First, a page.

It started early with a bleary-eyed, pre-dawn shuttle trip to the Vancouver Airport and then off to Prince George. For someone used to the mountainous, treed terrain of Northwestern B.C., the topography of Prince George is quite different. As I peered down, still bleary-eyed, I noted a checkerboard of fields stretched across hills too flat for the west coast and criss-crosssed with roads too straight for our more mountainous coastal terrain.
Prince George has a population of approximately 74,000 and is sometimes called the capital of Northern B.C. However, the area was occupied long before the current settlement by the Lheidli T’Enneh (People of the Confluence of the Two Rivers)
Our first stop was at Duchess Park Secondary School where poet Adele Barclay was scheduled to present. Here we had a television interview with the Prince George television crew from CKPG-TV. On the plus side, I did not hit the microphone – I am a dreadful hand talker and had a nasty experience recently with a tall beverage. On the minus side, I’m not certain I would schedule my first televised interview after a flight and with only four hours of sleep.
After this I went off to Heather Park where I presented to an awesome group of students. For those who know me, it’s all about the shoes and food so, thank you to Heather Park, for lovely mug and treats. As for the shoes, I followed the mantra ‘if you wear them spring will come’ and went with sandals! Okay the toes were a tad chilly in the morning but by afternoon it was all good.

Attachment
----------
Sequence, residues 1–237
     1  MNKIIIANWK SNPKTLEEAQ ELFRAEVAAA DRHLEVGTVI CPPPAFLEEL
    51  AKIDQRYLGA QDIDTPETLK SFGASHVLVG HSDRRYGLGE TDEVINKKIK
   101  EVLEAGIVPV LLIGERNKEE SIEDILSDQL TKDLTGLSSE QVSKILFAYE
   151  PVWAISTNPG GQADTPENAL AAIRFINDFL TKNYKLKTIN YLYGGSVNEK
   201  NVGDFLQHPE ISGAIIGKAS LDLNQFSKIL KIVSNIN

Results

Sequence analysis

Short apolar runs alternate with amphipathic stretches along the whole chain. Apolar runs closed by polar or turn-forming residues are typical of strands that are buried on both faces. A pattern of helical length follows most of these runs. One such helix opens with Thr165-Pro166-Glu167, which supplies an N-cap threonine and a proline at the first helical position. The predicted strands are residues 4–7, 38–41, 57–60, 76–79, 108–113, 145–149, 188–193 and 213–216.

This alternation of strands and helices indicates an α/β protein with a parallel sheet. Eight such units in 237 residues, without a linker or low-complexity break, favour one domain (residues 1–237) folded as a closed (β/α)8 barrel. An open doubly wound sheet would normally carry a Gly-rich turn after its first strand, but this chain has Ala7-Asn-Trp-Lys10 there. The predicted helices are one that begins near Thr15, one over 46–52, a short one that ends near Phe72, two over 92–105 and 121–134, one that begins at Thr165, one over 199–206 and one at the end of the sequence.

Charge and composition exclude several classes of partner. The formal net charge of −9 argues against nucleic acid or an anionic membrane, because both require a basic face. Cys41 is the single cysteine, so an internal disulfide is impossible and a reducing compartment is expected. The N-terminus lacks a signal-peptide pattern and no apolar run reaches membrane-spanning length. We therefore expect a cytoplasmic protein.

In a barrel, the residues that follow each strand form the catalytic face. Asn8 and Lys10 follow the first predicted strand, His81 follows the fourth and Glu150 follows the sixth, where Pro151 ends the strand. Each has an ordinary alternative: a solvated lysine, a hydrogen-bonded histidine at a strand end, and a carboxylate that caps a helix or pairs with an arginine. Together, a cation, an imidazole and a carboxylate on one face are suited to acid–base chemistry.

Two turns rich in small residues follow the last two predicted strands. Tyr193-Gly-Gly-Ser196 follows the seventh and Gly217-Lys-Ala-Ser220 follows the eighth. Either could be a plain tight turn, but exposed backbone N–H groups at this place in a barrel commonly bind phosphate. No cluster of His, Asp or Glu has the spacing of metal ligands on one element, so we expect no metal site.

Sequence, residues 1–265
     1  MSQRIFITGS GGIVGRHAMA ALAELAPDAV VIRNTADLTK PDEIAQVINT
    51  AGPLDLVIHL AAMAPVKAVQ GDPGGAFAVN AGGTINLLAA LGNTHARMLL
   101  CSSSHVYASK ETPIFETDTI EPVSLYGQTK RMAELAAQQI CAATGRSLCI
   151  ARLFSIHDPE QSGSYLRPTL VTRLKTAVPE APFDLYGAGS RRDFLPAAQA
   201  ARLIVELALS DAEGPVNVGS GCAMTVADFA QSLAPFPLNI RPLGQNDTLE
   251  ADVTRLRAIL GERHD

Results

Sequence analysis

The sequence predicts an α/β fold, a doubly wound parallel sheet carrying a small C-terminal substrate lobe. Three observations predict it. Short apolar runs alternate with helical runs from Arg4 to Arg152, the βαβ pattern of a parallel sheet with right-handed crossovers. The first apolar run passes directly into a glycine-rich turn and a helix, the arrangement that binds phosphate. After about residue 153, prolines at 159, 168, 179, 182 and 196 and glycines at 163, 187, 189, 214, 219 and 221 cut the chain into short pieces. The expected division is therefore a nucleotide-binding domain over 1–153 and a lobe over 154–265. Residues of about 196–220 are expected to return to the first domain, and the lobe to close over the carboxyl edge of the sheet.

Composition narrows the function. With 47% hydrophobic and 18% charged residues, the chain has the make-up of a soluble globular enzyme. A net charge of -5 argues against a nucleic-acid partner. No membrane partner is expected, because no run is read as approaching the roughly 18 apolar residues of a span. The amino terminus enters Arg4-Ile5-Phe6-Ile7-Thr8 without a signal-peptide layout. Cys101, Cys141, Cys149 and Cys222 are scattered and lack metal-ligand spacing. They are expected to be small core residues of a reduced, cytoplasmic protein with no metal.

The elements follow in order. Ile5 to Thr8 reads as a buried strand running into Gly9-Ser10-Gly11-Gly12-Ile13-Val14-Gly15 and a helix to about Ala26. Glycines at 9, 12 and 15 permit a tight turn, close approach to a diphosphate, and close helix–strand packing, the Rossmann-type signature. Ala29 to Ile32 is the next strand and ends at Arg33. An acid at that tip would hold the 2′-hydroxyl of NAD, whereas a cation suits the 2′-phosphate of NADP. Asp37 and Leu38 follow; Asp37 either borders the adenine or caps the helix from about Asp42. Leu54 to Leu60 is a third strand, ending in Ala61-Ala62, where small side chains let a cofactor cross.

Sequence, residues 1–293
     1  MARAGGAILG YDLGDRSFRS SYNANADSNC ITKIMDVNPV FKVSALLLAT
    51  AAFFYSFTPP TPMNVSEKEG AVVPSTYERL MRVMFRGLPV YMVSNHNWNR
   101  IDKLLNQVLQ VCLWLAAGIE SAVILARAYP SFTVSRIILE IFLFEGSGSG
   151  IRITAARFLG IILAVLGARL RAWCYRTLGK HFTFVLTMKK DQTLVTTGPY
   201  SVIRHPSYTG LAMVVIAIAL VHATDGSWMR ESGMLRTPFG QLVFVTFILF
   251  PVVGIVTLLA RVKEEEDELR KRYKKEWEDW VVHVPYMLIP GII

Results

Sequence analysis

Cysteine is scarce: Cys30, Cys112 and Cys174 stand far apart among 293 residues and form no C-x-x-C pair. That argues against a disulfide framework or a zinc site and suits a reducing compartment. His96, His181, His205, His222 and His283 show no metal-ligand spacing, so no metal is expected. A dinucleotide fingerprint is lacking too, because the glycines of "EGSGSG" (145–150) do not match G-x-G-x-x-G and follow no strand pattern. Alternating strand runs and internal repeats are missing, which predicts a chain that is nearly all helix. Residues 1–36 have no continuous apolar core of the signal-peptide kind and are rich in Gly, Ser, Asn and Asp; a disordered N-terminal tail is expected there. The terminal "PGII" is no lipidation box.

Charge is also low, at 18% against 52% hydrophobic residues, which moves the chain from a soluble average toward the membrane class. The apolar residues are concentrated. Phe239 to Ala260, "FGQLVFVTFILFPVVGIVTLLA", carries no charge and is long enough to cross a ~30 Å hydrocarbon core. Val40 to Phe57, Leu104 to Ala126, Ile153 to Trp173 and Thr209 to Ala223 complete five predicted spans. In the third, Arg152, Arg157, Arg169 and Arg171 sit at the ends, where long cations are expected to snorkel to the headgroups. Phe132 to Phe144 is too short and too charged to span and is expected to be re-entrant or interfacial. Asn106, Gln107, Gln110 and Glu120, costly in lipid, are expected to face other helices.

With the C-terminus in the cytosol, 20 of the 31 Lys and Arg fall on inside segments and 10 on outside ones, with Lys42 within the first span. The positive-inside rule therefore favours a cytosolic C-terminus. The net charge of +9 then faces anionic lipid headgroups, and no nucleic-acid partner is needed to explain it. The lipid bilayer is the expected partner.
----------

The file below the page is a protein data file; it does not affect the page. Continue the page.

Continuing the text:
Then off to Vanderhoof and another great group of students at the Evelyn Dickson Elementary. The town of Vanderhoof was founded by Herbert Vanderhoof in the early 1900s with the hope of creating a creative retreat. However, the area has been largely populated by loggers and ranchers. On a literary note, Vanderhoof is home to Mary John, who inspired the book Stoney Creek Woman and is known for her advocacy work with the Carrier people.
After the presentation I went on a run, largely to try out my new runners – back to the shoes – and discovered the W.L. McLeod Wetlands, just one of the great spots in Vanderhoof. I also got some ideas from some Vanderhoof experts, thank you kids! They suggested that I check out the Nechako White Sturgeon Hatchery, as well as their new swimming pool and skating rink.
It sounds like I have to come back. Meanwhile, I am loving getting a glimpse into these communities!
I’m so excited to be sharing what I’ve learned in my writing journey with others at the Kitmat Public Library on January 28. Be sure to register for the event today!